5 Best Practices for Ecommerce Web Design

From overseeing designers to rolling up your sleeves and becoming familiar with website design yourself, developing a basic understanding of ecommerce website design is a critical way to sharpen your eye for usability and market trends. While website design is often a fun and exciting part of the process for ecommerce store owners, it can also be overwhelming. Novice designers can often instinctively feel when something in their design is off, but they don’t always know what it is—or how to fix it.

Fortunately, familiarizing yourself with a few basic ecommerce website design best practices can make a world of difference. The next time you encounter a question or issue with your ecommerce site design, review these five fundamental rules—you might be surprised by how often they’ll point you to the answer.

1. Keep it Simple

Between fonts, images, artwork, colors, and layout choices, there’s a nearly-infinite amount of beautiful and readily-accessible options to make your website shine. While that’s a good thing, it can also make decisions much harder. A common pitfall is to be so overwhelmed by great design options that you pick them all—or even just a few—because you don’t want to let any go.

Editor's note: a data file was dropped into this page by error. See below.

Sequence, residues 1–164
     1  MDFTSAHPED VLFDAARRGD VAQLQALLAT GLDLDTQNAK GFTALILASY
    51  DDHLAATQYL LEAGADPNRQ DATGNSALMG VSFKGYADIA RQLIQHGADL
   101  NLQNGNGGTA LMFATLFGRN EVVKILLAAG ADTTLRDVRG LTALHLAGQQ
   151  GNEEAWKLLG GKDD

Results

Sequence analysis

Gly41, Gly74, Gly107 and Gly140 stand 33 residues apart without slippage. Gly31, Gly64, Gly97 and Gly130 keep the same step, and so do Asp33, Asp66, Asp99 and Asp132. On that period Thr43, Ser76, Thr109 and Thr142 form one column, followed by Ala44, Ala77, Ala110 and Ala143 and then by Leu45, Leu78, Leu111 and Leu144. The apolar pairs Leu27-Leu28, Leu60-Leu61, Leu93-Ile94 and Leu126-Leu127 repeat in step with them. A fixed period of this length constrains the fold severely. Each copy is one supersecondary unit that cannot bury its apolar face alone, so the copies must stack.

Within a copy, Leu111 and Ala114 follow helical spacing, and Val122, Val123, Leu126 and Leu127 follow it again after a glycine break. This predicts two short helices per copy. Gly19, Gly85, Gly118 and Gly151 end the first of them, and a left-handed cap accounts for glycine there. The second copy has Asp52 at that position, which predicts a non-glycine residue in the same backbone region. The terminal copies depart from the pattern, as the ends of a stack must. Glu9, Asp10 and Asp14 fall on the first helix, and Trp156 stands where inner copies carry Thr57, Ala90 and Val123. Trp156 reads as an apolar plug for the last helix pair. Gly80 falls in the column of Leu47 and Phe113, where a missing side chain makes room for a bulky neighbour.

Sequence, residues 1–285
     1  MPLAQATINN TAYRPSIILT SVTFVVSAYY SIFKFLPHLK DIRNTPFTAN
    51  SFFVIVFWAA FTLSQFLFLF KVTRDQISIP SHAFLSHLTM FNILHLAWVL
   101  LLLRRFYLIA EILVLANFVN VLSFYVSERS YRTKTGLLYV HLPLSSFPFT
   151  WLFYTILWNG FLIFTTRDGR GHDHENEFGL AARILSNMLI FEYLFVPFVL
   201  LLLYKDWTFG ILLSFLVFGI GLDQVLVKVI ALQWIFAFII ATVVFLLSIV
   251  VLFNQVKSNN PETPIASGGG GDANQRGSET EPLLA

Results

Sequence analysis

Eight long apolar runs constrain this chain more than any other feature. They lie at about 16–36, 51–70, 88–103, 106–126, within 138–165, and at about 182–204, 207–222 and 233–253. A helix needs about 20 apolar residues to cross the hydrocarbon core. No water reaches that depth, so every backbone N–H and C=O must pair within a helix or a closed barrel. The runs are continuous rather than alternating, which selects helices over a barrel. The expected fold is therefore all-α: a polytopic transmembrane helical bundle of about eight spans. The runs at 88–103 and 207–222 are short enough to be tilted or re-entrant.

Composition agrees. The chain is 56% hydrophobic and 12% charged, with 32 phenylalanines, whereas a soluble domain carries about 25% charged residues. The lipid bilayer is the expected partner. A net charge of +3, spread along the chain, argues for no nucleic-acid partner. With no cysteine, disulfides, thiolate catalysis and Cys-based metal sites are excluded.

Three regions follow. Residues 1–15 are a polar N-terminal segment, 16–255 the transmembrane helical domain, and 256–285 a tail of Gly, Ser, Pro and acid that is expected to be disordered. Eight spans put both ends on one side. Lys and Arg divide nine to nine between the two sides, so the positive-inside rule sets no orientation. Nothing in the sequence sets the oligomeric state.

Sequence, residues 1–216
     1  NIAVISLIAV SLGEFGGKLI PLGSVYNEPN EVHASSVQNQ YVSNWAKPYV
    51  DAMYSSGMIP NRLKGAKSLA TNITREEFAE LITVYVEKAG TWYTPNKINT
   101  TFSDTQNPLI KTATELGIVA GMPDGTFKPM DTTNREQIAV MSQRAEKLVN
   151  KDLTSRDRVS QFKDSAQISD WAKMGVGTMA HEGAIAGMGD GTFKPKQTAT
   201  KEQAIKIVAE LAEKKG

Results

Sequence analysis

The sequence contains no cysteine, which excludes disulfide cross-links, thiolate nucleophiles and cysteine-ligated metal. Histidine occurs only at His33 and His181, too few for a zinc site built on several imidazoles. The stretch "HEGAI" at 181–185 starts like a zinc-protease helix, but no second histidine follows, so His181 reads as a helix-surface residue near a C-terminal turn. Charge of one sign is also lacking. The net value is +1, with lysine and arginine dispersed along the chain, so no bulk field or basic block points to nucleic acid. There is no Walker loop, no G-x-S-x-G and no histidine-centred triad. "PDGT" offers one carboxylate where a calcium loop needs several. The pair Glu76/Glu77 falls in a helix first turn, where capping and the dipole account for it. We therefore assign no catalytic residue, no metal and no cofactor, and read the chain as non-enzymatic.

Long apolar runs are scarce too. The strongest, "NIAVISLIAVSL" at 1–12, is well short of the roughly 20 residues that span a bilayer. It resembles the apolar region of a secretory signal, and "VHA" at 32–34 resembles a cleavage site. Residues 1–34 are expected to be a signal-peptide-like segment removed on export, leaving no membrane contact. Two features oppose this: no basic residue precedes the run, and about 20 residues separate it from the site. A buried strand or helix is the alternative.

When that happens, you don’t just violate Rule #5 (below), consistency; you also clutter up the page and decrease the user’s ability to understand where they should go next. Instead, pick just a few key themes or elements, being careful not to include too many “showstoppers”—bright pops of color, complex images, or unusual fonts—on the same page. Familiarize yourself with the concept of white space and return to it any time you sense your design is becoming cluttered. Once you’re done designing a page, assess it to see if there are any unnecessary elements you can remove.

After combining liberal white space with ruthless editing, you should end up with a much cleaner and more functional site. Your results might feel plain or “vanilla” to you—especially after you remember all the things you could do with your design—but trust us: it won’t look that way. Simple, clean designs are user- and eye-friendly, offering timeless appeal and inspiring confidence in your brand.

2. Select Readable Fonts

On a related note, it’s all too easy to fall in love with a beautiful font for the wrong reasons. Typography is an art unto itself, and unfortunately, some of the most unique and creative fonts are also the hardest to read. If you absolutely have to use a wild font, use it sparingly as your logo font, key header font, or in other places where the font size and minimal word count will balance out the complexity. Pair your “showstopper” font with simple and readable fonts for your H2s and body copy. We especially love using sans-serif fonts for body copy—they’re the easiest on the eyes.

Once you’ve paired up a few clean and readable fonts to build your font hierarchy, make sure your color and size choices haven’t impacted readability. Aim for high contrast, using a very dark font on a white background, or a white font on a dark background. Then make sure your smallest copy is large enough to read (this can often feel larger than you think it should).

3. Use Professional, High-Quality Images

From your product photos to banners and lifestyle imagery, don’t settle for anything less than professional, high-quality imagery.